Talking with your child about a terminal illness and dying, whether it’s your own illness or someone close to you, will probably be one of the most difficult conversations you’ll have. It’s important for children to understand what’s happening and to be prepared for what will happen when someone close to them dies.
Use clear and accurate language. Be calm and factual
It’s easy to want to soften the words you use when talking about death. But saying things like “we lost Daddy” or “Grandad has gone to be with the angels”, can be confusing for children. They may think they can go and find Daddy, or Grandad chose to go with the angels instead of staying here with them.
Using words such as death and dying can help children to help understand the finality of death. Younger children may not fully comprehend what death means, but they may understand it means they won’t see the person again.
Bring it into the conversation gradually
If you or someone close to you is dying, your child may be aware something out of the ordinary is happening. You may find it easier if you gradually bring up the topic of death and what it means for them. Talking about things over time can help your child to slowly process what’s going on.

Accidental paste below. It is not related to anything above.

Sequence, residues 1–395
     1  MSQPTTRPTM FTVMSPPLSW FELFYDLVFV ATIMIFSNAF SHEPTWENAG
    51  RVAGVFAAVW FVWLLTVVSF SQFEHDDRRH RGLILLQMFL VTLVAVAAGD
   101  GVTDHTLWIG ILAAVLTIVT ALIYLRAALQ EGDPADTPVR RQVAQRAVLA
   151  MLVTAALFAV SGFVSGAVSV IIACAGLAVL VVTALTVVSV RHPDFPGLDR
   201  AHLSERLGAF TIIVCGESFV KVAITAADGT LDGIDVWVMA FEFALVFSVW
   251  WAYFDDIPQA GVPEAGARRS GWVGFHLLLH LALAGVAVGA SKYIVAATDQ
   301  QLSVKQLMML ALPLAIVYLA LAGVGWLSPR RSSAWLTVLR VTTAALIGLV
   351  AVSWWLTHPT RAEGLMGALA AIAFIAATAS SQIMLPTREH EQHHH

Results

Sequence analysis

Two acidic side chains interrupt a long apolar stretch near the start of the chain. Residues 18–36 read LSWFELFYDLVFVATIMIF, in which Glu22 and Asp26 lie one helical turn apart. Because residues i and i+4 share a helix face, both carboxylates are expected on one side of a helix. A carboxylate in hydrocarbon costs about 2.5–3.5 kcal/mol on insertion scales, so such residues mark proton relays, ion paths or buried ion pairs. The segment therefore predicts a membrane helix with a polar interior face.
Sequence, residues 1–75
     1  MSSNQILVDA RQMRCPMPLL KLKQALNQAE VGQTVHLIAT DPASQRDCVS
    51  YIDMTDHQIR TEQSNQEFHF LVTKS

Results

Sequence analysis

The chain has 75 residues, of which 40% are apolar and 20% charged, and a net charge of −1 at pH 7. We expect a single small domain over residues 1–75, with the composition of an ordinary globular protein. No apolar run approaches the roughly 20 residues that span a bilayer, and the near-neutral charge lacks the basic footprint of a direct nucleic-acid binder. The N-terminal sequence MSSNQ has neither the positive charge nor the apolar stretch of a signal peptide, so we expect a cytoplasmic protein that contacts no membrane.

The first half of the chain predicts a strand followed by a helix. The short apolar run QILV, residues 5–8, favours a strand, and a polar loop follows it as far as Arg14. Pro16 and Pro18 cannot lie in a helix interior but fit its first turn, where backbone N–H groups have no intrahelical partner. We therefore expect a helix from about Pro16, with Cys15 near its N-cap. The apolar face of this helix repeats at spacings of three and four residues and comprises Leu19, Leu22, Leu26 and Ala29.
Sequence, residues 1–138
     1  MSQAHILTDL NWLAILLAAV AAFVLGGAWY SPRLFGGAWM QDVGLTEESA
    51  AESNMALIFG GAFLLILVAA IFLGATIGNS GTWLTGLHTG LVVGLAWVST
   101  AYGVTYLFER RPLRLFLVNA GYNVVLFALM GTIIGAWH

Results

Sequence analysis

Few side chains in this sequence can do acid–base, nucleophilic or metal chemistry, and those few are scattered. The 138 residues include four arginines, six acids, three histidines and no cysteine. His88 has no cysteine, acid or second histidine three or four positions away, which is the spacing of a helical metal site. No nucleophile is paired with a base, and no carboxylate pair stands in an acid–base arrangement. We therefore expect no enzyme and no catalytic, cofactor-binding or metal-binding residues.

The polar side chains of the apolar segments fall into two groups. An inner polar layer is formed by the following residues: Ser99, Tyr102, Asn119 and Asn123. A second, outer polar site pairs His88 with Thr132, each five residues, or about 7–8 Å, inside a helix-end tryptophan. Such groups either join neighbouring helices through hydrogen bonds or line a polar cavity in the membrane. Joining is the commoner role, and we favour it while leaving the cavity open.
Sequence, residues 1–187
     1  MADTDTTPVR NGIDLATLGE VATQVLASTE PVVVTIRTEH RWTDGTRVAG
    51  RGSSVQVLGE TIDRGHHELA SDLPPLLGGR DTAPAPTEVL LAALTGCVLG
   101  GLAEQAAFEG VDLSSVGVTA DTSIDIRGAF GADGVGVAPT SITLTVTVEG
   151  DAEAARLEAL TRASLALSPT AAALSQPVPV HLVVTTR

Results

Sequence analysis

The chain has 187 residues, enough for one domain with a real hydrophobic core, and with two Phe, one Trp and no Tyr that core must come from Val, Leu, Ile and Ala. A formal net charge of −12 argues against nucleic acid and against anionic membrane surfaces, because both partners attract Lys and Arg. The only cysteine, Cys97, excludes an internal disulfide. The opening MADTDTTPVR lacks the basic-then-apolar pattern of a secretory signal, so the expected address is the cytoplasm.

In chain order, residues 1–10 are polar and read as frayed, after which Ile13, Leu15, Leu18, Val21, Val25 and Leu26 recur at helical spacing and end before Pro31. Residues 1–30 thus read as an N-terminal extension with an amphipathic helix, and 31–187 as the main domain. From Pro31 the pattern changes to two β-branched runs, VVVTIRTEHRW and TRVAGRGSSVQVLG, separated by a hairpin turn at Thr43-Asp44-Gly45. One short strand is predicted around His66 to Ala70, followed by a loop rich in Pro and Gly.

Try not to give your child too much information; sometimes a little bit of information here and there is helpful. Talking with your child while you’re doing something, for eg driving in the car or while you’re making dinner together, is less overwhelming than sitting down for a long conversation.
Be guided by your child’s questions
Listen to the questions and answer them. Don’t answer what they haven’t asked.
Children process information differently than adults. Some children may be worried about how the death of you or someone close to them will impact on their day to day life. They might have questions such as “who is going to take me to school when you die?” or “do I still get to go and see my friends?”. They will often then get on with other things and then raise questions another time when curious.
Answer your child’s questions honestly and let them know you’re always available to answer more questions.
Let them know it's okay to cry and okay not to cry.